Institute for War and Peace Reporting | Giving Voice, Driving Change

Briefly Noted

(TU No 361, 04-Jun-04)

According to Rajic’s lawyer, Zeljko Olujic, his client went for his usual Sunday-morning exercise in the gym, where his former superior Tihomir Blaskic came to him, “Blaskic approached my client, and after failing to provoke a quarrel, hit him twice in the back of his head.”

Olujic said his client told him that Blaskic was threatening that Rajic and his family “ would be finished” should his testimony result in any defendant receiving a heavy sentence.

But Blaskic’s lawyer, Ante Nobilo, claims that Rajic had been “systematically provoking” his client but denies there had been an assault, "Trying to cause a conflict, Rajic blocked Blaskic's way out of the gym. Blaskic didn't hit him, only moved him aside with the palm of his hand."

Tribunal officials confirmed that an “incident” took place in the unit’s gym on May 30, but declined to give any details, saying only “nobody got injured”.

Blaskic, who has been in the detention unit for over years now, is serving a 45-year jail sentence for war crimes committed in the Lasva valley in central Bosnia from 1992 to 1994, including the killings of the Muslim inhabitants of the village of Ahmici in 1993. He has since appealed and is awaiting the verdict.

Rajic is accused of ordering an attack on the predominantly Muslim village of Stupni Do in central Bosnia in October 1993, in which at least 37 people were killed and the village raised to the ground. He is also charged with the arrest, maltreatment and inhumane imprisonment of 250 Muslims from Vares in October 1993.

Rajic appeared for the first time in front of the Hague tribunal a year ago and pleaded not guilty to all counts on his indictment. His lawyer declined to say whether Rajic may be considering changing his plea.


In a puzzling development, long-awaited testimony by Milan Babic in the case of the former top Bosnian Serb politician Momcilo Krajisnik took place this week behind closed doors.

The prosecution had planned to submit parts of the former Croatian Serb leader’s exhaustive testimony in the Milosevic trial as evidence and then let the defence cross-examine him in open session.

But the trial chamber said the 1100 pages of evidence were far too much and would endanger the “public character of the trial”.

Babic then proceeded to give testimony in closed session – something that hadn’t apparently been envisaged by either the court or the prosecution. Which suggests that it may have been done at witness’s request.

Neither the trial chamber nor the tribunal’s press service offered any explanation for this new twist.

Babic was indicted by the Hague tribunal for crimes committed in those parts of Croatia under his control in 1991. He had signed a plea agreement with the prosecutor’s office and agreed to testify as a protected witness in the Milosevic trial.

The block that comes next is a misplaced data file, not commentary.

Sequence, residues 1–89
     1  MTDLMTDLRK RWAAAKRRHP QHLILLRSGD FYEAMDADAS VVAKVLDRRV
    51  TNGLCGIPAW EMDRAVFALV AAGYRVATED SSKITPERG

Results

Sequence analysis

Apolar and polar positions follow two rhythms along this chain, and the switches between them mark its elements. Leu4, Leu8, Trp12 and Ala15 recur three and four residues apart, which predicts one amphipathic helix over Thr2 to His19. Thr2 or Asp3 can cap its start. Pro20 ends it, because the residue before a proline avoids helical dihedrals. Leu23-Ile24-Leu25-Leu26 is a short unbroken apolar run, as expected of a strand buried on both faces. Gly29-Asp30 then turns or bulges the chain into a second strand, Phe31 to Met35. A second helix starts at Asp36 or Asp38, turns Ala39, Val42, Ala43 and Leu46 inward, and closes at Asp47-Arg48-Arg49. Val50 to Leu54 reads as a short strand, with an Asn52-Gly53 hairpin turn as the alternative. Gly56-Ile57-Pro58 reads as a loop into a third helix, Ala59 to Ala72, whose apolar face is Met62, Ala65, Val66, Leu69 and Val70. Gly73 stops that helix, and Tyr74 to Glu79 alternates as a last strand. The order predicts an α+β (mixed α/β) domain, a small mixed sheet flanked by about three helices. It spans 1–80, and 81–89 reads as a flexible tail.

Initially, a protected witness, his identity was later revealed, and his testimony has been given in open and closed sessions, alternating with such frequency that sometimes judges have been confused as to whether they are presiding over the former or the latter.

Babic has said repeatedly that his cooperation with the prosecutor’s office has provoked numerous threats against him and his family. He was due to be sentenced on June 7, but this has been postponed until further notice.


Hague judges this week granted Vladimir Kovacevic, a Montenegrin indicted for war crimes committed around the Croatian city of Dubrovnik in 1991, six months provisional release.

Kovacevic was judged to be mentally unstable and thus unable to enter a plea.

Citing a list of different psychiatric reports, the judges said in their decision that these “strongly supported the finding that the accused, at this point, suffers from a serious mental disorder which presently renders him unfit to enter a plea".

The judges recommended that Kovacevic be offered treatment “urgently in a mental health facility in a [Serbo-Croat language] environment”.

The government of Serbia and Montenegro offered guarantees for Kovacevic and in a letter received by the tribunal on June 1 officially agreed to have him treated at the Military Medical Academy in Belgrade.


At the same time, lawyers for former Yugoslav army navy general Pavle Strugar filed a motion asking the judges to acquit their client on all six counts of the indictment against him. The prosecution wound up its case in the trial last month.

Strugar was accused of crimes committed during the shelling of Dubrovnik in December 1991, in a joint indictment with Vladimir Kovacevic.

Earlier, the lawyers had tried to have Strugar proclaimed unfit to stand trial, offering expert evidence suggesting their client suffers from a number of ailments, including post-traumatic stress disorder, depression, and vascular dementia.

The judges disagreed and at the end of May decide that the trial should proceed.

Strugar's lawyers now claim that during its case, the prosecution failed to offer any evidence of their client’s alleged guilt.

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